Type I interferon signaling limits viral vector priming of CD8+ T cells during initiation of vitiligo and melanoma immunotherapy

Rebecca L. Riding, Jillian M. Richmond, Keitaro Fukuda, John E. Harris

Research output: Contribution to journalArticlepeer-review

Abstract

Vitiligo is an autoimmune skin disease in which epidermal melanocytes are targeted for destruction by CD8+ T cells specific for melanocyte/melanoma-shared antigens. IFNγ is the central cytokine driving disease, but the role of type I IFN in vitiligo remains unclear. We investigated the functional role of type I IFN during vitiligo progression using two different mouse models: one induced with a vaccinia virus (VV) vaccine and one induced with dendritic cells to prime autoimmune T cells. Induction of vitiligo by VV in IFNaR-deficient mice led to the development of severe vitiligo compared with wild-type (WT) mice and was characterized by a significantly enhanced effector CD8+ T-cell response. Severe vitiligo in this model was a result of VV persistence, because exacerbation of disease in IFNaR-deficient mice was not observed when antigen-pulsed dendritic cells were used to induce vitiligo instead of virus. Treatment of B16F10 melanoma-inoculated mice with VV vaccine therapy also induced a significantly enhanced anti-tumor response in IFNaR-deficient mice compared with WT. These results not only help define the pathways responsible for vitiligo progression but also suggest that blockade of type I IFNs following administration of a VV vaccine may provide increased immunogenicity and efficacy for melanoma immunotherapy.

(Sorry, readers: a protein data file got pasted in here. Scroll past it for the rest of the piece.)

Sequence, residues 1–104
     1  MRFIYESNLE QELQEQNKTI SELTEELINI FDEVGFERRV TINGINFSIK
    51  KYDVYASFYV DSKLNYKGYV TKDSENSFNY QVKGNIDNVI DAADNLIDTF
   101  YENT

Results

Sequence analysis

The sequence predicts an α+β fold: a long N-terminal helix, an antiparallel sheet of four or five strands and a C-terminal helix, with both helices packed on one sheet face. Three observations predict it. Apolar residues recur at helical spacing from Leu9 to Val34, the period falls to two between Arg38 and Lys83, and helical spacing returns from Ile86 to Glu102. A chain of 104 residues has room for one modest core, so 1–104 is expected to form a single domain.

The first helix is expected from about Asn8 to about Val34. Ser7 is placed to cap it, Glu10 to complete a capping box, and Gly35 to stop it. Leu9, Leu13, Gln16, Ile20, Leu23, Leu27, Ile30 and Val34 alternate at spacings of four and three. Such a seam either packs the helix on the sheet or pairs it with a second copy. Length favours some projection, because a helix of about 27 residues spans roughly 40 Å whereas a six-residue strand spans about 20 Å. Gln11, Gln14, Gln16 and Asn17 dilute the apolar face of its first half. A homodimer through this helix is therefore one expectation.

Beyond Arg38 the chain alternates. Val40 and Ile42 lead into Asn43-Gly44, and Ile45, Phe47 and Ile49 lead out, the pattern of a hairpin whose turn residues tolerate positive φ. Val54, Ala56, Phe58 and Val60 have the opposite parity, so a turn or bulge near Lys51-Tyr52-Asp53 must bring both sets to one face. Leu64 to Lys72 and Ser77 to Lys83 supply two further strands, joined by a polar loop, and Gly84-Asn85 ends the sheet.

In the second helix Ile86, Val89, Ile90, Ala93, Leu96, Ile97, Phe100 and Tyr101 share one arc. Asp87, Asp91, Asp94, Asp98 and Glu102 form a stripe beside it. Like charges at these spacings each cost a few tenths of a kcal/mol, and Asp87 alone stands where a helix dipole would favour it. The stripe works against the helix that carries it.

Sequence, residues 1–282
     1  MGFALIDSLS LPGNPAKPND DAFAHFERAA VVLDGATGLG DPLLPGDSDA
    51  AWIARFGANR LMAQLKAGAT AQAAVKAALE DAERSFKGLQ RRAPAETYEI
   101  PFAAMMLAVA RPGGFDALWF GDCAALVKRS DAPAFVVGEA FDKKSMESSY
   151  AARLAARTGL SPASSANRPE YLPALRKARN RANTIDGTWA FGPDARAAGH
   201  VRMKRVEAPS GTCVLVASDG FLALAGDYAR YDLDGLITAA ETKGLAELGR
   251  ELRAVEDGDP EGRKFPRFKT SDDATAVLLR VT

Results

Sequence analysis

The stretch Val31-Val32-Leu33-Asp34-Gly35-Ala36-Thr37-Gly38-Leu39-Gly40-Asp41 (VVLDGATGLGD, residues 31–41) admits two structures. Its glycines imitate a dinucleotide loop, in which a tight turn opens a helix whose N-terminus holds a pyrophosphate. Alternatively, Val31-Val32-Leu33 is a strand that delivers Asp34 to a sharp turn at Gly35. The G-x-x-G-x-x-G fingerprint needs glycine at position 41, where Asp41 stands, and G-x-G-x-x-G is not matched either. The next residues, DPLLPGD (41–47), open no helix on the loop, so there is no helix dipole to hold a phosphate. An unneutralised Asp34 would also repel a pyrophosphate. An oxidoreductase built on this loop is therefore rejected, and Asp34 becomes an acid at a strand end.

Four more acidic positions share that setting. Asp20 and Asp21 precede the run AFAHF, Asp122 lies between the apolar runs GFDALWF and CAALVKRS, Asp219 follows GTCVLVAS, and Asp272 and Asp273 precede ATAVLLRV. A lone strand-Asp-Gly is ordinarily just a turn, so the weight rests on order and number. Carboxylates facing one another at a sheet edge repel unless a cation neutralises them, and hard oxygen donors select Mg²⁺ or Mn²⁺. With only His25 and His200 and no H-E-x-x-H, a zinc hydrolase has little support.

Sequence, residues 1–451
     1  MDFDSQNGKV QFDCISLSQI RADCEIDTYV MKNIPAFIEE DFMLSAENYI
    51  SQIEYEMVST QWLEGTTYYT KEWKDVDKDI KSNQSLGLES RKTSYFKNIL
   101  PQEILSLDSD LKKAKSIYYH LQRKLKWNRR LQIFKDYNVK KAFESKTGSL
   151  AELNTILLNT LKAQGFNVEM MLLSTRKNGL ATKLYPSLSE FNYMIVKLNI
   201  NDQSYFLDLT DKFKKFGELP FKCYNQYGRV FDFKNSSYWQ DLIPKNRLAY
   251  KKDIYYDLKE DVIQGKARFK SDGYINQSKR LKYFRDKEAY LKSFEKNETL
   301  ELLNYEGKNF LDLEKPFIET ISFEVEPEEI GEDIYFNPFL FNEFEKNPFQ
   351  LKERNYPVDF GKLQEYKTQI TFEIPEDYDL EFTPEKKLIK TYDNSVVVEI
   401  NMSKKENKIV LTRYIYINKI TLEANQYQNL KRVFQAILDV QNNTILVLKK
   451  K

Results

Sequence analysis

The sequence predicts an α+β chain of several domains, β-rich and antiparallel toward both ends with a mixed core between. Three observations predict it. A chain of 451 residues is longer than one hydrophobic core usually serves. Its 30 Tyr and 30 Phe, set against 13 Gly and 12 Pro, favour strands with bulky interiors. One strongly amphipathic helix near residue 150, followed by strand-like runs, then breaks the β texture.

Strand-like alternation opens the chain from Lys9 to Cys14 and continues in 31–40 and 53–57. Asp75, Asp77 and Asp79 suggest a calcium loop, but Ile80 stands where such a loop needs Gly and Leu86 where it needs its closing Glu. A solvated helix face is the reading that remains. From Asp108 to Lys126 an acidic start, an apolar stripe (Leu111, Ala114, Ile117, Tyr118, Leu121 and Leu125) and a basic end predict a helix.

Original languageEnglish
JournalPigment Cell and Melanoma Research
DOIs
Publication statusAccepted/In press - 2020
Externally publishedYes

Keywords

  • CD8 T cells
  • autoimmunity
  • melanoma
  • type I interferon
  • vaccine immunotherapy
  • vaccinia virus
  • vitiligo

ASJC Scopus subject areas

  • Oncology
  • Biochemistry, Genetics and Molecular Biology(all)
  • Dermatology

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